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I plan to compete for a grant from the IBM Center for the Business of Government to write on what I call Value-Based Management. VBM, as I use the term, is a strategy-driven approach to the integration of the delivery of products and services (outputs or "performance") with resources available (costs) and risks accepted, This consideration of cost/performance/risk is balanced across the enterprise to maximize the delivery of stakeholder value and was the topic of the 2020 book "Value Based Management in Government" by myself and Gary Cokins.

For the purpose of the grant and resulting report, I seek to write a case study of a practical implementation of this cost/performance/risk integration. However, I am unaware of any federal agency who has adopted such a strategy-driven approach to maximize value delivered to stakeholders. As a result, I am seeking to interact with a private sector entity that already applies such concepts as a means of managing the organization. If anyone in this group is aware of an entity in the US that might be willing to discuss this, I would be very grateful for a point of contact. Thanks.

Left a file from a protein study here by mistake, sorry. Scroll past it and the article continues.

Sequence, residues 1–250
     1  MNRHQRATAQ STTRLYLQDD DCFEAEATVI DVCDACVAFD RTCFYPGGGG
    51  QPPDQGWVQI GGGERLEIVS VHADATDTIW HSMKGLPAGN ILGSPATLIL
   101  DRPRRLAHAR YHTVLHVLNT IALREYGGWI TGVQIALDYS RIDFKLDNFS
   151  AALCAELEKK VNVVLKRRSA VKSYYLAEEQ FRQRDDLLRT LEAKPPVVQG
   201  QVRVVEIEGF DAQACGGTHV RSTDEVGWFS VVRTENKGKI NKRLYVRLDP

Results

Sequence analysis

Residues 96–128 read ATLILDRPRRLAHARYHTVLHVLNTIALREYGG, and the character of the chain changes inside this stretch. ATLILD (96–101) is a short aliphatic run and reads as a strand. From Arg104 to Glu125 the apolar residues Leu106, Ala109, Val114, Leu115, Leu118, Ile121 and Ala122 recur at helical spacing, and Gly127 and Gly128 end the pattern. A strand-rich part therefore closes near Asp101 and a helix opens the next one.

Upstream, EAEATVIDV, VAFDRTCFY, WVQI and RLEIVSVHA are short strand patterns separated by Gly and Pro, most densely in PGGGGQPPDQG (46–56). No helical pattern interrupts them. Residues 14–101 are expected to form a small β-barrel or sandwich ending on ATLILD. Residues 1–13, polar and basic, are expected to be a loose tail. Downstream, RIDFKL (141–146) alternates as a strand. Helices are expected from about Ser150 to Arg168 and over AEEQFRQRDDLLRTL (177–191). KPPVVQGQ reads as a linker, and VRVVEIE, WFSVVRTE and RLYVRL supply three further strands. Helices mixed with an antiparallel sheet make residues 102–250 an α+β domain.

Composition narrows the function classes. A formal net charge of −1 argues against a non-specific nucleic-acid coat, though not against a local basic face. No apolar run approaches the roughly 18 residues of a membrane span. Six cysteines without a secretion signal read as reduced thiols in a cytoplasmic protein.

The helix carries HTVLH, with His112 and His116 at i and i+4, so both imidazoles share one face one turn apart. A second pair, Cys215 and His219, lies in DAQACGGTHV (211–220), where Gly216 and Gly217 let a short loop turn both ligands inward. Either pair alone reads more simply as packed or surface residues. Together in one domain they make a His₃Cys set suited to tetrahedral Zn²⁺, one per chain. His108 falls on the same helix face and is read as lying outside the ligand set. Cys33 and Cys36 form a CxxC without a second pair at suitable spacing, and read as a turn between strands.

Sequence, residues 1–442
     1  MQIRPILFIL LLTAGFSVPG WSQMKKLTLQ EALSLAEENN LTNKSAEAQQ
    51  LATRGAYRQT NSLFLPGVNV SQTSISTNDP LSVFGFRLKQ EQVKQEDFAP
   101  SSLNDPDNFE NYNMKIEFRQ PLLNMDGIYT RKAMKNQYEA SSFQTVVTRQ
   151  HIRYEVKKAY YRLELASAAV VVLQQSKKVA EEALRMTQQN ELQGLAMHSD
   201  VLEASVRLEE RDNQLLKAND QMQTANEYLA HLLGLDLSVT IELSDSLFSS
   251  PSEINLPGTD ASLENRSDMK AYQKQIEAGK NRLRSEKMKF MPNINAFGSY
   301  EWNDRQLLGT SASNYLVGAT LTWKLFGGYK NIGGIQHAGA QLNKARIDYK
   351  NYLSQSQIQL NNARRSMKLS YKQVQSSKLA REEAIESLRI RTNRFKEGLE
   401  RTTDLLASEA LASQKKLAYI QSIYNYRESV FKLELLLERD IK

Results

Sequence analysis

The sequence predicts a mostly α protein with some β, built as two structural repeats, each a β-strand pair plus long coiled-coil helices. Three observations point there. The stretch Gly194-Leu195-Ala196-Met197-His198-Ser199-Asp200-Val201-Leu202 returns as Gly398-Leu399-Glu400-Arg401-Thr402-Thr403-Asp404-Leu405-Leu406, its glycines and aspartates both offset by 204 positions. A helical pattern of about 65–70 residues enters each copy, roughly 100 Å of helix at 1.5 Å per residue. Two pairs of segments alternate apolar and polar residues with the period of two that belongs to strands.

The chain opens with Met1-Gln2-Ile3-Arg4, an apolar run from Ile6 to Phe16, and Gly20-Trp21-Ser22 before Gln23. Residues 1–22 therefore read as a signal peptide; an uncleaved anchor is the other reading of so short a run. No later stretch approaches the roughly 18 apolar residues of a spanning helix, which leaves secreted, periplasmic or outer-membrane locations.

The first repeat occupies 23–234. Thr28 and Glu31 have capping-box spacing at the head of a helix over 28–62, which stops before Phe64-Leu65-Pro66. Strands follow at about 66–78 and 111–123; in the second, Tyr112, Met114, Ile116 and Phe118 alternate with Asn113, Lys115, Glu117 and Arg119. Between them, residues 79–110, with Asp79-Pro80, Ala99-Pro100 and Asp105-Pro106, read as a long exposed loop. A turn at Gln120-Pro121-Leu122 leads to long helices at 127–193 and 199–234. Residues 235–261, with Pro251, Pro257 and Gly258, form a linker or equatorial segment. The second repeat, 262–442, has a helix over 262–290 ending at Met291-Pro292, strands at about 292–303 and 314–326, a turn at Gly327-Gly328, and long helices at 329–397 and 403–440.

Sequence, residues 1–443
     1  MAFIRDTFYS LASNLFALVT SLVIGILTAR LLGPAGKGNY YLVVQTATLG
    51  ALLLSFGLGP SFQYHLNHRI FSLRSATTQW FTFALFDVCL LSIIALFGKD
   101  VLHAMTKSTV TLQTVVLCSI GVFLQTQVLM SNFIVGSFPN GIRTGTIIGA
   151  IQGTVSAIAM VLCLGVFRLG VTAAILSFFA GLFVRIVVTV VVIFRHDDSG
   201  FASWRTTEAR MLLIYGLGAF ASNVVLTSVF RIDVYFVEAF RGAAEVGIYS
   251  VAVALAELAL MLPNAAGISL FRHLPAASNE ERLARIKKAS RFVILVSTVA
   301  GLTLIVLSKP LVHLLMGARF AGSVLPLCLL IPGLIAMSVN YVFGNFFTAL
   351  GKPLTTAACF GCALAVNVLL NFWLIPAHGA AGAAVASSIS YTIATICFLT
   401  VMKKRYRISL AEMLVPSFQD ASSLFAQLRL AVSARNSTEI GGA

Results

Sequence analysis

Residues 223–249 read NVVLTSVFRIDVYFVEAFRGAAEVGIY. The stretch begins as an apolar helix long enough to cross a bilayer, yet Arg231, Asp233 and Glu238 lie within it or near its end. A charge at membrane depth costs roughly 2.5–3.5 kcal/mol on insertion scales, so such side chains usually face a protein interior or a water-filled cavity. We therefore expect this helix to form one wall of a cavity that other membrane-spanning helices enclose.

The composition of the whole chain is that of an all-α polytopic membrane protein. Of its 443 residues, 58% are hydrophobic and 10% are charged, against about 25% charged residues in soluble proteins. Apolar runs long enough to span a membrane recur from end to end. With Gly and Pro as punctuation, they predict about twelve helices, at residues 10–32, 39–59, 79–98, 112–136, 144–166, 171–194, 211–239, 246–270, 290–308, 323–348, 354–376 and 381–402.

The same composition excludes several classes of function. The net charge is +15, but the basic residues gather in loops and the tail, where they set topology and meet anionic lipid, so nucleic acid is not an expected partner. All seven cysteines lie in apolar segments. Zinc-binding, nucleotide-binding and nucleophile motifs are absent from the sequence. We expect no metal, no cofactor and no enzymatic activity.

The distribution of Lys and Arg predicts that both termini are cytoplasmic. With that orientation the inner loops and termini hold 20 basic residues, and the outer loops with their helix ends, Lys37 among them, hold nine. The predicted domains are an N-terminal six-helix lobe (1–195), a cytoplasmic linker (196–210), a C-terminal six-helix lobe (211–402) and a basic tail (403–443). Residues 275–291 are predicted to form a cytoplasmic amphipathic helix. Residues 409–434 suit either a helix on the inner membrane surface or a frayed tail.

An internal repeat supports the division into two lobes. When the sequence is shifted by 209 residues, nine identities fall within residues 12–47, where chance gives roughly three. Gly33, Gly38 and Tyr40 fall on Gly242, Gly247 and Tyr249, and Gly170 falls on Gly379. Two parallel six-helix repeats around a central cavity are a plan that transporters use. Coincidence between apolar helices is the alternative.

Thanks Doug for your request above. I will echo your appeal to PACE members who can provide Doug with a "case study" for one or more organizations who have initially started with formulating their strategy and then used it to apply to enterprise and corporate performance management (EPM/CPM) methods ... that are also described in the PACE Analytics Framework (PAF).

Here is a link to an article I authored describing the EPM/CPM methods as being seamlessly integrated:
Exceptional EPM/CPM Systems are an Exception